I have FOUR grandchildren. (Yes, you’re right, I’m FAR too young. We all know that. It’s a given. But sometimes Mother Nature has a way of bypassing her laws of when people should have grandchildren–and presents them in, well, early, early middle age.)
Anyway, the second-from-the-oldest-grandchild is Gabriel, 5, a rambunctious bundle of pure little boy-ness. He’s often affectionately referred to simply as “G.” In his most recent pre-K school report, the patient-as-a-saint and give-her-a-raise teacher wrote that Gabriel is “smart, funny, with many friends … and has a touch of naughtiness.”
Here’s G (on the far right) with a few school buddies,
And here he is the other night with older brother Daniel (8).
Today I received this text from my daughter/G mom Amy:
Have you done so this holiday? Blessings come in SO many forms and dressings. I urge you to take a sheet of paper and number your joys. Here is a sampling of mine:
1. I had to miss my seven year-old grandson Daniel’s first piano recital earlier this week. (I was SO frustrated.) Tonight at my family’s early Christmas dinner, I walked in the door and daughter Amy had arranged for Daniel to dress back up in his Calvin Klein suit and play Jingle Bells (as he did at the recital). It melted my heart.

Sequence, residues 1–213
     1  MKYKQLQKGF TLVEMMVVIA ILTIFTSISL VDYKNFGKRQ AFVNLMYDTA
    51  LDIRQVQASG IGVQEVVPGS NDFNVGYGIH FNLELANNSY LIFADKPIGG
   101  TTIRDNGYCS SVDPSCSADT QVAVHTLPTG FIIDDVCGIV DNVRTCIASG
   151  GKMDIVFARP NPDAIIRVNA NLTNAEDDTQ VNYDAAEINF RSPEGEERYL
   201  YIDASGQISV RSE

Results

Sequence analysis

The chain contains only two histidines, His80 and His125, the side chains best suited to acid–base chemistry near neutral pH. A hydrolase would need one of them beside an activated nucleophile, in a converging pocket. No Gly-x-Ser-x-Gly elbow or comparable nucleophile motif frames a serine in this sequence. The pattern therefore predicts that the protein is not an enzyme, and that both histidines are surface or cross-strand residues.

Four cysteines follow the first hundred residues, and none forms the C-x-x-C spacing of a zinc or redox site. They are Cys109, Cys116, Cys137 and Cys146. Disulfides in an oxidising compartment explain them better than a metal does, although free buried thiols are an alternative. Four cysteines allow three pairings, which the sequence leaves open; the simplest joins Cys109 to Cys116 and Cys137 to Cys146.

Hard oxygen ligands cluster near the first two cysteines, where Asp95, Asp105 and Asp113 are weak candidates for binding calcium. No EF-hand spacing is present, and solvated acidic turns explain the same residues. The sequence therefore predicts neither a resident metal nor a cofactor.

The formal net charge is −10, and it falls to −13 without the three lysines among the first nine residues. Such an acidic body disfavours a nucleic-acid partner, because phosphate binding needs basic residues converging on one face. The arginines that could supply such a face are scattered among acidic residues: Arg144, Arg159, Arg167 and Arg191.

(Okay, I’m not sure about the sunglasses either.)
(Absolute grandfather joy.)
Here’s Daniel at the actual recital:
2. The ability to smell Christmas.
3. Enjoying the power of silly.
4. Hosting a Holiday and Hot Toddy Chili Party Saturday night.
Good buddies Ellie, Jamie and Brennan.
I read “A Cup of Christmas Tea” to the twenty-something guests–and asked them to think about a person important in their upbringing to toast at the end of the story. I urge you to do the same. Who encouraged you along your way?
“Let’s raise a cup of Christmas cheer, to family and loved ones far and near.”
So take a few moments, and with Bing, count your blessings:
5. Tree shadows on a wall during a walk the other night.
What are a few of your Holiday Blessings? Come on, share a few.
The students in my English 123 (Freshman Composition) classes at SCAD (Savannah College of Art and Design) are doing what I call Visual Essays in this, their next-to-the-last week of Fall Quarter 2014. We read two books this term, Paulo Coelho’s The Alchemist and Tal Ben-Shahar’s Happier, both relating to our course theme of “Happiness and the Exploration of Joy.” The Visual Essay project invites the students to MAKE, rather than write, their papers. Traditional essay requirements are still required: a focus and thesis, structure, detail and support, etc. But this essay morphs into a drawing or painting, a sculpture, a collage, a video, a food, etc. Basically this project is a visual representation of one topic narrowed into a clear thesis/perspective/idea. The challenge: how to “show” their thesis.
Debora Jacob (from Brazil) went to Forsyth Park here in Savannah last Saturday. Here’s her Visual Essay titled “Happiness Shared” on the topic of the smile and its significance.